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The Education Centre:Installation Advice
This page provides basic guidelines for installing all floors. Please see our other Education Centre pages that cover specific product and installation types for more detailed information on all the areas covered on this page. Please note that all installations are unique and if you are uncertain about anything you should refer to manufacturer instructions and use a reputable professional floor fitter.
Under cutting door frames
To provide your new floor with a professionally fitted appearance, the new floor should run underneath the door lining and architrave.
To cut the door lining and architrave, first place an offcut of flooring adjacent to the door frame. Lay a handsaw horizontally on the offcut of flooring and carefully cut away the architrave. As the saw will be 3-4mm in thickness there is no need to use any additional thickness under the piece of offcut to replicate an underlay.
The architrave should be cut through totally and the door frame cut away sufficiently to allow the flooring underneath without resistance. Any areas that do not immediately fall away can be finished with a sharp wood chisel.
Sweep and clean floor
To provide your new floor with the very best conditions, your preparation should include a thorough cleaning of the sub-floor. Concrete, unless sealed, will always have small particles of loose grit that will need to be swept and vacuumed to provide a clean surface to lay your flooring. Failure to do this can lead to a crunching noise once the floor is fitted. Wooden floors should also be swept and vacuumed to remove debris.
If you find that you are still getting quite a bit of dust and grit, an application of PVA or specialist concrete sealer can be applied to seal a concrete sub-floor. Most specialist concrete sealers are generally quicker to dry than PVA. Always ensure the PVA is given a few days to fully dry and always consult any manufacturer’s instructions for the final word on dilution quantities and curing time.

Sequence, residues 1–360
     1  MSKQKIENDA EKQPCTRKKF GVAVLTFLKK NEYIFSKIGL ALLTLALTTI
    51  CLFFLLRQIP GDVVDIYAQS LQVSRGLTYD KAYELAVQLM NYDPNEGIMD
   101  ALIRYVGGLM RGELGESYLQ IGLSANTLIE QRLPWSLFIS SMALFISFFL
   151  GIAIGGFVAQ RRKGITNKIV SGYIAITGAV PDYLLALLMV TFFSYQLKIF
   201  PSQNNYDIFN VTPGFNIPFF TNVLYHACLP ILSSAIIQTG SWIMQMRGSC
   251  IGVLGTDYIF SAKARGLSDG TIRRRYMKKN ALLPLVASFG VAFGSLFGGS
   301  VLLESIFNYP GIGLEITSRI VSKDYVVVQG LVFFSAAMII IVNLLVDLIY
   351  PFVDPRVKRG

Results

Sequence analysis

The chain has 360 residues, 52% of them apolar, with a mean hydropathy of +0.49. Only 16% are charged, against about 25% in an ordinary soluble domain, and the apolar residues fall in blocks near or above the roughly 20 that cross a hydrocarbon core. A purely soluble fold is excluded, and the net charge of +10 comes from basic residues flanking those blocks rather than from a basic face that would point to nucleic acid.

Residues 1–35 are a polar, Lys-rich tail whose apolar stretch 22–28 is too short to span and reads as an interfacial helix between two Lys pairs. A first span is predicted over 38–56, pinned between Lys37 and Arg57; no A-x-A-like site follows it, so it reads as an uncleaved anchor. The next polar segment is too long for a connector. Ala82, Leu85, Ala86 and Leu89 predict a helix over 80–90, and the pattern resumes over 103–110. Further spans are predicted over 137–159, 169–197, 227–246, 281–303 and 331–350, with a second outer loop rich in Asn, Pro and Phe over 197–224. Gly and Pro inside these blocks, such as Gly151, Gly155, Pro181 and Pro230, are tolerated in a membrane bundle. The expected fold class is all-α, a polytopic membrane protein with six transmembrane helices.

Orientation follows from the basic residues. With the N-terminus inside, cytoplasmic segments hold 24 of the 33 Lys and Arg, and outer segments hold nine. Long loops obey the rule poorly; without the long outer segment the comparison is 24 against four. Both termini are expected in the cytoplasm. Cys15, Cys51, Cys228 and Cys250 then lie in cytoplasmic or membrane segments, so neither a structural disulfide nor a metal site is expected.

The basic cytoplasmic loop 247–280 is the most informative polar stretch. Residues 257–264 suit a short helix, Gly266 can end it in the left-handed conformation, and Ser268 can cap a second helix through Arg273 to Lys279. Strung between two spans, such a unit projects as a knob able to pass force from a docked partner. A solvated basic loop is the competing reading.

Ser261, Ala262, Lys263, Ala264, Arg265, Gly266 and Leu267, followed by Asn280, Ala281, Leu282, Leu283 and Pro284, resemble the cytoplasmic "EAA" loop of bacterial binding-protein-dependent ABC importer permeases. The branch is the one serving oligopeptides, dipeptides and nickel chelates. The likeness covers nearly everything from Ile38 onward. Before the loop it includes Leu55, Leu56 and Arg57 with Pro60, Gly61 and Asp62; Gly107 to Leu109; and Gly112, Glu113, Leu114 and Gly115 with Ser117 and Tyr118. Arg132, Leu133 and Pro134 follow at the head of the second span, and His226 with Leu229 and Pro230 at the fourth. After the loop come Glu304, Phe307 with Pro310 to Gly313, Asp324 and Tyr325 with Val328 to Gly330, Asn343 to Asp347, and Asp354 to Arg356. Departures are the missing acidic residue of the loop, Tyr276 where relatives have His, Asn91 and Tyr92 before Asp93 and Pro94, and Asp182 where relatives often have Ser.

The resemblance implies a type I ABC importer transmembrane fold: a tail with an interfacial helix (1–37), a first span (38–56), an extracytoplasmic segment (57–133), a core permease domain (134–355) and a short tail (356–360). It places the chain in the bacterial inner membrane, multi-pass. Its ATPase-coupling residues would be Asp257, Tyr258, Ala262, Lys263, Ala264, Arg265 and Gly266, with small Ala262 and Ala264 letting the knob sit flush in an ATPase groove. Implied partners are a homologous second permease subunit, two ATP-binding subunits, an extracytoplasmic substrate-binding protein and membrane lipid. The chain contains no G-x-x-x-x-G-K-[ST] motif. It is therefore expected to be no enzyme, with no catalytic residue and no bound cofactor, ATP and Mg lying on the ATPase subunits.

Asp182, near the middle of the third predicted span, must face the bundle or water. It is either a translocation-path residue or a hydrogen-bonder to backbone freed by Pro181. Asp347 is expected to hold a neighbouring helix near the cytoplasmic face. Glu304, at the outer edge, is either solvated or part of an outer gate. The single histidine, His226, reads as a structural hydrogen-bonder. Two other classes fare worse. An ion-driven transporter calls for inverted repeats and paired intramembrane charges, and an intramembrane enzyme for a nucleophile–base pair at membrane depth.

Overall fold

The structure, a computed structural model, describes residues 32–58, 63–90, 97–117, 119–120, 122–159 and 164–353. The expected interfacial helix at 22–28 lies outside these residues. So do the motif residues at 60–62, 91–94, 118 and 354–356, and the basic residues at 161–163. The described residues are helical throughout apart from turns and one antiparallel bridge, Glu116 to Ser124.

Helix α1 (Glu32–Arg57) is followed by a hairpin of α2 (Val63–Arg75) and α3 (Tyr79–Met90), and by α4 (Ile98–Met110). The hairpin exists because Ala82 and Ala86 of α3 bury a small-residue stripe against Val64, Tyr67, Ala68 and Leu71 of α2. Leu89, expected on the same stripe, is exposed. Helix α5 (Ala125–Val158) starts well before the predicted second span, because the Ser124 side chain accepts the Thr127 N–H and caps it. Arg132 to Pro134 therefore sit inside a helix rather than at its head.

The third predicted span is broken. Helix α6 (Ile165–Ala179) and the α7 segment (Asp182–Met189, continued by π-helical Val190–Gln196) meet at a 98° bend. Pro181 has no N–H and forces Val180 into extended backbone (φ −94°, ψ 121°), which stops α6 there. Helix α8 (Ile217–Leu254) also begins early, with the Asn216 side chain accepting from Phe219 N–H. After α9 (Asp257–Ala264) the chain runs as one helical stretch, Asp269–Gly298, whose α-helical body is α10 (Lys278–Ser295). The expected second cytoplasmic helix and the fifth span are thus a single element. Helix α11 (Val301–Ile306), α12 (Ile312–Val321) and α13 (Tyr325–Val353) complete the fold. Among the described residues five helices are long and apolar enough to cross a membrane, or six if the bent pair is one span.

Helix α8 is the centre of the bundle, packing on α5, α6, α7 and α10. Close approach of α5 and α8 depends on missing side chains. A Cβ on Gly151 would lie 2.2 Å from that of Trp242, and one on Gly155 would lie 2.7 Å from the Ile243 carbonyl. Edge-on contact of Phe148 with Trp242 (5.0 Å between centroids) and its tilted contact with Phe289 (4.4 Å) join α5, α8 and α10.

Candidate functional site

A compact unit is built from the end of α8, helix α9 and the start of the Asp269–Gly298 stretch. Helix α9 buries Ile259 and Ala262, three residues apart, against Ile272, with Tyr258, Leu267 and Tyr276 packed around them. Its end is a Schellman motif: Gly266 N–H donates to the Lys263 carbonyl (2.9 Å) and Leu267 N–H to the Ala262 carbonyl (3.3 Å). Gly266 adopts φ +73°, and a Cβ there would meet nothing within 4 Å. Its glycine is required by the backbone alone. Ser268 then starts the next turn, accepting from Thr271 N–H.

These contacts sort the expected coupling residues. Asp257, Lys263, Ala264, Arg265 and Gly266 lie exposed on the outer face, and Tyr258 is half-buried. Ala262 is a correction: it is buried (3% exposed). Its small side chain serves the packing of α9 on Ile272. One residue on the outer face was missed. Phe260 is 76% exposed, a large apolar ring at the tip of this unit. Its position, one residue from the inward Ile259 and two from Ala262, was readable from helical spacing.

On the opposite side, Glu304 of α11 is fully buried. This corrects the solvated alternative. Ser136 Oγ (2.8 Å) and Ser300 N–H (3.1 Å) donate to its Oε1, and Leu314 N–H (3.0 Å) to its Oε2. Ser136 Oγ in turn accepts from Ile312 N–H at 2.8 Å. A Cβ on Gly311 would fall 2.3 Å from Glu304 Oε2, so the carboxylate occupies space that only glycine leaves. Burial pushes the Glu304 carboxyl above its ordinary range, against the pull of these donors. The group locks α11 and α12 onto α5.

Damp Proof Membrane (DPM) sheet/ Damp Proof Membrane (DPM) liquid (if required)
Apply a damp proof membrane to your sub-floor if you are concerned about moisture, see section on site conditions for more details on moisture in sub-floors. If you have a concrete floor it is a necessary part of the installation. The damp proof membrane will stop residual moisture in your sub-floor penetrating the underside of your new wood floor and causing warping, swelling or cupping.
UK Flooring Direct recommend two types of Damp Proof Membrane:
A polyurethane sheet – Simply lay this over your sub-floor, such as UK Flooring Directs Fast-Fit Polythene Damp Proof Membrane
A liquid roll on barrier – Pour and spread evenly over your sub-floor and allow to dry, such as UK Flooring Directs Lumberjack M.B Primer 5 Litre
Always follow the manufacturer’s guidelines to ensure the best result and correct installation.
Please Note: Don’t be fooled into thinking that the damp proof membrane (DPM) your builder used in your concrete sub-floor will stop moisture getting to your wood flooring, as there is always residual moisture at ground level that can seep into the floor from below.
Install Underlay (if required)
An underlay has many benefits. It helps to alleviate unevenness in your sub-floor, insulates, provides underfoot comfort and reduces noise. There are numerous types of underlay that can be used with your flooring. For laminate and real wood click floors UK Flooring Direct offers a complete range of foam underlays from Essential Cushion White Underlay to Cushion Acoustic Gold Wood Flooring Underlay, as well as Fibre Boards 5.5mm that are great for uneven sub-floors. While for luxury vinyl tiles (LVT) we recommend our Premium Vinyl Underlay with non-slip surface making installation faster. The one appropriate to your project will depend on your sub-floor and your chosen product.
Spread adhesive (if required)
Some floors require adhesive to ensure they are fitted correctly for real wood applications we recommend Lumberjack 650 Floor Adhesive. Spreading an adhesive does not have to be a messy process. Using a trowel with a good solid handle, like those used by plasterers, you can spread adhesive as you need it, reducing the likely hood of creating unnecessary mess and wastage. Remember you will need a trowel with notches cut to suit your sub-floor and the adhesive manufactures instructions.
Spread one square metre at a time, this will give you a good working time and reduce wastage. Once spread, place your selected board in place and tap it into the proceeding tongue.